$P_{\Om}$ the projector on the (in our case) unique vacuum-,ground-,
equilibrium-state.
\end{lemma}
Proof: The result is well-known (see e.g. \cite{Ruelle}). We give
however a very short and slightly different proof using our smooth volume integration.
With $V_R:=\int f_R(x)d^nx$, a \tit{spectral resolution} yields
\begin{equation}V_R^{-1}\cdot\int U(x)f_R(x)d^nx=const\cdot(\int
f(x)d^nx)^{-1}\cdot\int(\hat{f})(Rp)dE_p\end{equation}
Applied to a vector $\psi$ we can now employ Lebesgue's theorem of
dominated convergence and get
\begin{equation}\lim_V
V^{-1}\int
U(x)d^nx\cdot\psi=(\hat{f}(0))^{-1}\cdot\hat{f}(0)P_{\Om}\psi=P_{\Om}\psi\quad\Box
\end{equation}
This yields
\begin{equation}0\neq P_{\Om}QA\Om=\lim_V Q\cdot
V^{-1}A_V\Om\end{equation}
On the other hand
\begin{equation}\lim_V\|V^{-1}A_V\Om\|=\|P_{\Om}A\Om\|=0\end{equation}
by an analogous reasoning (note that $(\Om,A\Om)=0$).
We have now a sequence of vectors, $V^{-1}A_V\Om$, converging to zero
in norm while $Q\cdot V^{-1}A_V\Om$ converges to $P_{\Om}QA\Om\neq 0$.
\begin{conclusion}[Goldstone Theorem]In case of $ssb$ and a
separating $\Om$, $Q$ can still be defined as an operator which is,
however, not closable, hence, a fortiori, not symmetric (note that
symmetric operators are closable). Furthermore this seemingly
abstract result is encoded in the concrete physical property
exhibited in the above formulas. In our view they express the
content of the Goldstone phenomenon in the most general and model
independent way. They show that $Q$ induces transitions from a
singular part of the continuous spectrum, passing through $(E,p)=(0,0)$, to the extremal invariant
state $\Om$ (see the remarks below). On the other side, a conserved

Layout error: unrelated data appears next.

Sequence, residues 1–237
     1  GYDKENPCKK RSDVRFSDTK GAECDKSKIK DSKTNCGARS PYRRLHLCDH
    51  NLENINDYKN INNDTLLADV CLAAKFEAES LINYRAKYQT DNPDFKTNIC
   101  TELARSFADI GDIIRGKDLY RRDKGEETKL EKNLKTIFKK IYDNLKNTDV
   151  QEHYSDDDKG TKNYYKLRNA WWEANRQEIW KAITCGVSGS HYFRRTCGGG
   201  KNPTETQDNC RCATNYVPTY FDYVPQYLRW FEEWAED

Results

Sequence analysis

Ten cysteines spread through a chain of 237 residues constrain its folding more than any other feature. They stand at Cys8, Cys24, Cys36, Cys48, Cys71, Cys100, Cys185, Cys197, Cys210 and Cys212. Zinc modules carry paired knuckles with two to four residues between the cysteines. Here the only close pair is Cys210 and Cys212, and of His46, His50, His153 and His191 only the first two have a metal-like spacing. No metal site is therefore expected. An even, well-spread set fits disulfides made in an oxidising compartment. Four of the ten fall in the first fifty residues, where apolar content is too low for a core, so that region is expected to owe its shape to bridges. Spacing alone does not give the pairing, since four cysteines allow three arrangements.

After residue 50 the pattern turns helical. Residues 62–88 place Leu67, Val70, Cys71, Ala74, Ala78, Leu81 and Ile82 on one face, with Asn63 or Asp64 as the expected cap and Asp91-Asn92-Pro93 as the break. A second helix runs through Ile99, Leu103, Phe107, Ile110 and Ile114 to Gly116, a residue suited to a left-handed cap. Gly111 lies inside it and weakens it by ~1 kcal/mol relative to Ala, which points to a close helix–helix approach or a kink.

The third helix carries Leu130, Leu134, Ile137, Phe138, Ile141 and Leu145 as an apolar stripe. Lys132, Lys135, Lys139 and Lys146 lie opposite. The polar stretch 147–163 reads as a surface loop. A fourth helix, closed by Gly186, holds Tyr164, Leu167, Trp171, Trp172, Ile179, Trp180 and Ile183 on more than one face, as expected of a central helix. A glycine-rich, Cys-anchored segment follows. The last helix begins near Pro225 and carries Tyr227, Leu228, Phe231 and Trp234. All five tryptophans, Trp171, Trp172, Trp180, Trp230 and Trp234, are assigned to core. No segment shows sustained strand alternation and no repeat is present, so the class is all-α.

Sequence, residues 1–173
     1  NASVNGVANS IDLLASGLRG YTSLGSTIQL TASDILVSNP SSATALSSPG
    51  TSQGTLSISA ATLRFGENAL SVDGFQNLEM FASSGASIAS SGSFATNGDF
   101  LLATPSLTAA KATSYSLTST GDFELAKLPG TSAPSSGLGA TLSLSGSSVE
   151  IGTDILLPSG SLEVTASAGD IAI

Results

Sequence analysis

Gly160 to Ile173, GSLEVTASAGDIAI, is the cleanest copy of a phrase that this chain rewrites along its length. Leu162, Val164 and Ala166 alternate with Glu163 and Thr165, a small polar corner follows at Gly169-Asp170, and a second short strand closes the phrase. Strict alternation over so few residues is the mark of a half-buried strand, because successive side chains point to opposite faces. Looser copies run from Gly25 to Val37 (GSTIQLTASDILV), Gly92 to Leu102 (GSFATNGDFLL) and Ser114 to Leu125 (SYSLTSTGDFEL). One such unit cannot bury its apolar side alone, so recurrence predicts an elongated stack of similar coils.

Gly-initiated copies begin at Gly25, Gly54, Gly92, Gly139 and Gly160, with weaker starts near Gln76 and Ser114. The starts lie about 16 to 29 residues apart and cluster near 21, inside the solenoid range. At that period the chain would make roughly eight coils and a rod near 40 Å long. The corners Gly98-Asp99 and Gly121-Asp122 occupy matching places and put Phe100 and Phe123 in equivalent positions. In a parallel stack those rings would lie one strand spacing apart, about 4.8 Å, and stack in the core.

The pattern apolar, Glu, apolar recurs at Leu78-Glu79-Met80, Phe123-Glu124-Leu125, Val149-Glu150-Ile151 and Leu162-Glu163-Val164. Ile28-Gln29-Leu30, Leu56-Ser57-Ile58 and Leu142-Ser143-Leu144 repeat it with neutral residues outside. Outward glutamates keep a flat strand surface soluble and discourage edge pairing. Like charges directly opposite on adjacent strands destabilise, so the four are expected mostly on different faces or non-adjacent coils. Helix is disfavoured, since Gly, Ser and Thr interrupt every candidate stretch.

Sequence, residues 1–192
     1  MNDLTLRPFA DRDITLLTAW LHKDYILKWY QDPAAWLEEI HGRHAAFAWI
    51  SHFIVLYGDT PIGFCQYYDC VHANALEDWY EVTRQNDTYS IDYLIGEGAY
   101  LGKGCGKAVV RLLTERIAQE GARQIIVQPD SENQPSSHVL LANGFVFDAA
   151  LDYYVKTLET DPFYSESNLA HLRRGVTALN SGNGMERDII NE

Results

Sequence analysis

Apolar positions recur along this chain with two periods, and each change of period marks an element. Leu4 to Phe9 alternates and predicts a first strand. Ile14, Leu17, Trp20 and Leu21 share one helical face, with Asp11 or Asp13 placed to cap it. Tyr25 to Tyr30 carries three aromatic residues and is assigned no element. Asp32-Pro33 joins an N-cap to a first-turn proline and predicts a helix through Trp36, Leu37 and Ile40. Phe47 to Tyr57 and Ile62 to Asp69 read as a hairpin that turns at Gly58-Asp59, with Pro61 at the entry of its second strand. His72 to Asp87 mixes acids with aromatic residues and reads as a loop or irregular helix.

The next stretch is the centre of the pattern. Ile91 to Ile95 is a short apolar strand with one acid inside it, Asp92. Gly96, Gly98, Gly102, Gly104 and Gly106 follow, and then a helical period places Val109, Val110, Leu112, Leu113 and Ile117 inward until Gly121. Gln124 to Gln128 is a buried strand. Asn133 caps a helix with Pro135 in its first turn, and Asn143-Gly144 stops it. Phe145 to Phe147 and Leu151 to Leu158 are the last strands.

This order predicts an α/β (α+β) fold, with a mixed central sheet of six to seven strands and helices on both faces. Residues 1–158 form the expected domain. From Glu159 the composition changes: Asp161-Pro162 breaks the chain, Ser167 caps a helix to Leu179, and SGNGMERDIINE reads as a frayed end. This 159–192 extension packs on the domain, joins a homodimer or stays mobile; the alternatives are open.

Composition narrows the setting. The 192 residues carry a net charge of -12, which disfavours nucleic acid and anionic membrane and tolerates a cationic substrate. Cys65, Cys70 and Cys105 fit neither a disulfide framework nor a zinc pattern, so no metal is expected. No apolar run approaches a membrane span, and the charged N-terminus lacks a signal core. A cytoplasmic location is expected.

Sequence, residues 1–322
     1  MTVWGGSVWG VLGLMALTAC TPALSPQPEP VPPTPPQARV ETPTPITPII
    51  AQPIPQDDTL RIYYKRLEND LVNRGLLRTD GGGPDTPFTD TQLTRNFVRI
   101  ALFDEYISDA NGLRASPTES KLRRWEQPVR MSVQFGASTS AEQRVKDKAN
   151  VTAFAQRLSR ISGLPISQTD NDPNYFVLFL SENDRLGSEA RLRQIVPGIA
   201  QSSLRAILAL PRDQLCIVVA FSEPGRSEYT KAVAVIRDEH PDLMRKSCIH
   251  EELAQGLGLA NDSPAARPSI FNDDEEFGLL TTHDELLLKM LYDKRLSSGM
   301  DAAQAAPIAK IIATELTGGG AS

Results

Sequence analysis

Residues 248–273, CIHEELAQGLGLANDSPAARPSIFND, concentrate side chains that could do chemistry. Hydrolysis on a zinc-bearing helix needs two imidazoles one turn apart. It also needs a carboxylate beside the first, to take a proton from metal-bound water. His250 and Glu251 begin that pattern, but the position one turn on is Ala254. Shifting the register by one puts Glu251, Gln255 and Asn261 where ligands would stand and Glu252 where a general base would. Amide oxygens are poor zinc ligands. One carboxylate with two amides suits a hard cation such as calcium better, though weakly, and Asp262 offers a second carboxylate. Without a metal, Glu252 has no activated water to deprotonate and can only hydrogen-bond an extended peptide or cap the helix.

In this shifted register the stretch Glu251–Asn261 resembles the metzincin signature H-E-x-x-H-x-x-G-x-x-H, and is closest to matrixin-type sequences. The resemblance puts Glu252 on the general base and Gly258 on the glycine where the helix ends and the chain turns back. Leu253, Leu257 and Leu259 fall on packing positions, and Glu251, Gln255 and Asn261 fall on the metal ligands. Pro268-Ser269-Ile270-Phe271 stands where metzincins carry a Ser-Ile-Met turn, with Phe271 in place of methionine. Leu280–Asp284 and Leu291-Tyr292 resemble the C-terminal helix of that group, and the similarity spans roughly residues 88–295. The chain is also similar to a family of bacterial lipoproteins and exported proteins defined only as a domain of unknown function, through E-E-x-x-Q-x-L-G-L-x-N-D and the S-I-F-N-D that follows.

symmetry implies
\begin{equation}Q\Om=0\;,\; P_{\Om}[Q,A]\Om=0\Rightarrow
P_{\Om}QA\Om=0\end{equation}
\end{conclusion}
We show now that the above result really contains the original
Goldstone phenomenon. Let us e.g. assume that we have the above result
and, on the other side, a gap in the energy spectrum above the state
$\Om$. We emphasized above that an important ingredient of the notion
of $ssb$ is the time independence of, say, the above expression. We
employ again the spectral resolution of operators with respect to
energy-momentum. We hence have
\begin{equation}0\neq c=P_{\Om}Q\int
\hat{A}(k,E)e^{-itE}dkdE\Om\end{equation}
with $c$ being independent of $t$. We choose a real testfunction
$g(t)$ with $\int g(t)dt=1$. This yields
\begin{equation}0\neq c=P_{\Om}Q\int A(t)\cdot g(t)dt\Om=
P_{\Om}Q\int\hat{A}(E)\hat{g}(E)dE\Om\end{equation}
If there is a gap above zero we may choose the support of $\hat{g}$
so that
\begin{equation}supp(\hat{g})\cap supp(H)=0\end{equation}
Since, by assumption, $P_{\Om}$ has been extracted in the
energy-support of $A$, we get the result $c=0$, that is, no symmetry breaking.
But we can infer more about the nature of the energy-momentum spectrum
near $(0,0)$. We see that $P_{\Om}QA(g(t))\Om$ depends only on the
value of $\hat{g}(E)$ in $E=0$, which is one in our case, but not on
the shape of $g$. We hence can infer
\begin{conclusion}$\hat{A}(E)\Om$ contains a characteristic singular
contribution of $\delta(E)$-type.
\end{conclusion}
This can be seen by writing the above expression as
\begin{equation}0\neq c=(Q^*\Om,\int A(E)e^{-iEt}dE\Om)\end{equation}
and the time-independence of the lhs. This sharp excitation extends
into the full energy-momentum plane in form of a (usually) smeared
excitation branch (having a finite $k$-dependent life-time). For the
regime of temperature states the situation was analyzed in some detail
in the fourth reference of \cite{ssb} and already in the authors
doctoral thesis. We see from the above that a similar situation
prevails in the more general case of a separable $\Om$ and,
analogously, for ground-state models where $Q$ can be defined in the
above way. Even if the above $Q$ is not definable as a non-closable
limit operator we arrive at a similar result by exploiting the
limit-expectation values instead of the strong vector- or operator
limits, but we do not want to dwell more into the corresponding
details in this paper.
%%%%%%%%%%%%%%
\section{The Canonical (Goldstone) Pair in the Presence of $SSB$}
We remarked above that $ssb$ is characterized by the non-vanishing
(but time-independence) of the following commutator limit
\begin{equation} \label{sym} 0\neq c=\lim_V(\Om,[Q_V,A(t)]\Om)\end{equation}